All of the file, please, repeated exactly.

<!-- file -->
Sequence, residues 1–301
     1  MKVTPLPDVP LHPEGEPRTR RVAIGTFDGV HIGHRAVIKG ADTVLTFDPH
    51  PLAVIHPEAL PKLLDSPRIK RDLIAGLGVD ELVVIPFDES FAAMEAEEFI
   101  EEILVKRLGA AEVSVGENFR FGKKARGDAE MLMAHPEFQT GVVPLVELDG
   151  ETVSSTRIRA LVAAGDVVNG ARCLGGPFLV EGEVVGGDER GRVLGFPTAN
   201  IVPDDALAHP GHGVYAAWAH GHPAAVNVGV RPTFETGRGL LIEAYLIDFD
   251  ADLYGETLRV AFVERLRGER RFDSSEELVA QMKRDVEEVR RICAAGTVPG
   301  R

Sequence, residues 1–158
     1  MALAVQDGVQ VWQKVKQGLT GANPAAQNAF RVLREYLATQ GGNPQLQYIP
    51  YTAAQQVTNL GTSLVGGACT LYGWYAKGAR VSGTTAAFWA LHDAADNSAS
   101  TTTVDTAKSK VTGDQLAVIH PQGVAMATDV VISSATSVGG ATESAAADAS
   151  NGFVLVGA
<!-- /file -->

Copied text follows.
Sequence, residues 1–301
     1  MKVTPLPDVP LHPEGEPRTR RVAIGTFDGV HIGHRAVIKG ADTVLTFDPH
    51  PLAVIHPEAL PKLLDSPRIK RDLIAGLGVD ELVVIPFDES FAAMEAEEFI
   101  EEILVKRLGA AEVSVGENFR FGKKARGDAE MLMAHPEFQT GVVPLVELDG
   151  ETVSSTRIRA LVAAGDVVNG ARCLGGPFLV EGEVVGGDER GRVLGFPTAN
   201  IVPDDALAHP GHGVYAAWAH GHPAAVNVGV RPTFETGRGL LIEAYLIDFD
   251  ADLYGETLRV AFVERLRGER RFDSSEELVA QMKRDVEEVR RICAAGTVPG
   301  R

Sequence, residues 1–158
     1  MALAVQDGVQ VWQKVKQGLT GANPAAQNAF RVLREYLATQ GGNPQLQYIP
    51  YTAAQQVTNL GTSLVGGACT LYGWYAKGAR VSGTTAAFWA LHDAADNSAS
   101  TTTVDTAKSK VTGDQLAVIH PQGVAMATDV VISSATSVGG ATESAAADAS
   151  NGFVLVGA